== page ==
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hearts made whole

The publisher describes the book this way:  "After her father's death, Caroline Taylor has grown confident running the Windmill Point Lighthouse. But in 1865 Michigan, women aren't supposed to have such roles, so it's only a matter of time before the lighthouse inspector appoints a new keeper--even though Caroline has nowhere else to go and no other job available to her. Ryan Chambers is a Civil War veteran still haunted by the horrors of battle. He's secured the position of lighthouse keeper mostly for the isolation--the chance to hide from his past is appealing. He's not expecting the current keeper to be a feisty and beautiful woman who's angry with him for taking her job and for his inability to properly run the light. When his failings endanger others, he and Caroline realize he's in no shape to run the lighthouse, but he's unwilling to let anyone close enough to help. Caroline feels drawn to this wounded soul, but with both of them relying on that single position, can they look past their loss to a future filled with hope...and possibly love?"

Set in 1865 at a lighthouse in Michigan, this fictional tale is very well told.  As with many good novels, you can practically feel yourself living life alongside the main characters.  You feel their struggles with loss, shame, fear, love, and faith.  There are also several historical contexts highighted in the book, so readers will get a glimpse of community struggles with gender roles, prohibition, and even rooster fighting.  Hedlund quietly weaves scriptures and hymns throughout the story to highlight messages of faith in times of fear and struggle - a great message for us all to remember!  I really liked the tale of self-discovery, overcoming challenges, family loyalty and love.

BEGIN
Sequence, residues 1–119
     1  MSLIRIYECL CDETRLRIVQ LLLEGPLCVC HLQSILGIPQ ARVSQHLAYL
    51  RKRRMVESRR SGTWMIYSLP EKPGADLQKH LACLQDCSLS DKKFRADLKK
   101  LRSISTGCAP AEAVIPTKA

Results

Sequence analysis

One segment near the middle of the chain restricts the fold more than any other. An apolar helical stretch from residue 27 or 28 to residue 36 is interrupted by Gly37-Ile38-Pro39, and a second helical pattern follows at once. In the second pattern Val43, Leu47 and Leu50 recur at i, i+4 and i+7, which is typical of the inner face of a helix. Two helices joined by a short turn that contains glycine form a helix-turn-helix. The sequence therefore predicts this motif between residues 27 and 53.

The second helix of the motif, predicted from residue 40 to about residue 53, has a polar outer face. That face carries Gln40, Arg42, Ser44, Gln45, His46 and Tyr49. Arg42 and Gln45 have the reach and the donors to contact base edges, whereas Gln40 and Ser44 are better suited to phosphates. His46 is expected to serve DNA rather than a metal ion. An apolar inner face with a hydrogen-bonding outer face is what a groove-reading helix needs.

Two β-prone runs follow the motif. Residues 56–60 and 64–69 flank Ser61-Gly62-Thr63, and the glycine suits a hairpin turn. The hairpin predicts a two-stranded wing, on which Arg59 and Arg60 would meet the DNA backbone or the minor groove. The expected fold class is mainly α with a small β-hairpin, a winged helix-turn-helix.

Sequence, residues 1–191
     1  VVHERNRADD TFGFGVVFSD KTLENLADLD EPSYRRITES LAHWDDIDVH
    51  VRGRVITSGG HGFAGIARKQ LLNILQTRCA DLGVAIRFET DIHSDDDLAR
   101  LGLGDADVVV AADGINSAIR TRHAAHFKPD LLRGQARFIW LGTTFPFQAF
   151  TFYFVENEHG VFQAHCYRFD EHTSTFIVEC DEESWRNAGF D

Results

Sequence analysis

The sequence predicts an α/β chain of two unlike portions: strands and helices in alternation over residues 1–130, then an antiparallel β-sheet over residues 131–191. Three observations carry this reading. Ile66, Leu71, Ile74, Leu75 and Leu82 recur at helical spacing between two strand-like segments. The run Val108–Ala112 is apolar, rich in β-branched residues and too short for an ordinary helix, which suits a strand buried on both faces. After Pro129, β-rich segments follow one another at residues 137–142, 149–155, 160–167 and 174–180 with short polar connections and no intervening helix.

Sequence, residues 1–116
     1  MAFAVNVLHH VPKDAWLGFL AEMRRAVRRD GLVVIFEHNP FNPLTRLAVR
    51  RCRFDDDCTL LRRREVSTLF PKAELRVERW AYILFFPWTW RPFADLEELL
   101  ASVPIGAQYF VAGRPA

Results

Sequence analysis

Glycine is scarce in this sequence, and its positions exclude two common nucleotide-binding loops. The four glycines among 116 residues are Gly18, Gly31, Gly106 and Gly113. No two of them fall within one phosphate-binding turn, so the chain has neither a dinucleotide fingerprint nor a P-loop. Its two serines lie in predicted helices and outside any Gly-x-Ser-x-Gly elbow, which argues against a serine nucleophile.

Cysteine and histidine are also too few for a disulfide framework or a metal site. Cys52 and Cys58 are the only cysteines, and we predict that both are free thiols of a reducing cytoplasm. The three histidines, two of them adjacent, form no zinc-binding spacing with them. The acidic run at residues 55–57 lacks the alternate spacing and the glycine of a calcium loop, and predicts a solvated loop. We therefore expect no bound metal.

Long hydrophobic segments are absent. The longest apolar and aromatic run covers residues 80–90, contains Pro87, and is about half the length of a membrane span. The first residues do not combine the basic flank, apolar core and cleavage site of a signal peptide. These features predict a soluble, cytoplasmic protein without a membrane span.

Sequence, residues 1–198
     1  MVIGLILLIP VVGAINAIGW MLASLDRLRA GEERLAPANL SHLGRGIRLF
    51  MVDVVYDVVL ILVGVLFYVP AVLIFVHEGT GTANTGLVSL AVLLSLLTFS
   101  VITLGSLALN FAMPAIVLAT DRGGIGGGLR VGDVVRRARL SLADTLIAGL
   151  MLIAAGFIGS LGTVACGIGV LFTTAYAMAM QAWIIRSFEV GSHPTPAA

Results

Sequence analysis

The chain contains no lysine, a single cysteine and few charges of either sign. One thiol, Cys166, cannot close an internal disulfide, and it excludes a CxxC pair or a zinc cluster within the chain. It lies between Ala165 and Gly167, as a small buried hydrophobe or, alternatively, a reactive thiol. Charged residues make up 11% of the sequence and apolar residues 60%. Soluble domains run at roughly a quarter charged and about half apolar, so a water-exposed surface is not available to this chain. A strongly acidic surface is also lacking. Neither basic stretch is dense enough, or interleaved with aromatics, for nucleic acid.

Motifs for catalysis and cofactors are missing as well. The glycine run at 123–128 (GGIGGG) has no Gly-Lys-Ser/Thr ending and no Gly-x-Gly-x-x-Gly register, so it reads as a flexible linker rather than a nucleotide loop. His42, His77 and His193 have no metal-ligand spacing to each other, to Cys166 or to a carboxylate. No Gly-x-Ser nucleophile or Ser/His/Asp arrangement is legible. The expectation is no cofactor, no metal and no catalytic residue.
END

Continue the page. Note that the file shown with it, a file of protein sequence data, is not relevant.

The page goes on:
The story  is part of the "Beacons of Hope" series, so I look forward to reading more!  I would recommend this book to any reader age 17+.

I received this book as a gift from the publisher in exchange for my honest review.



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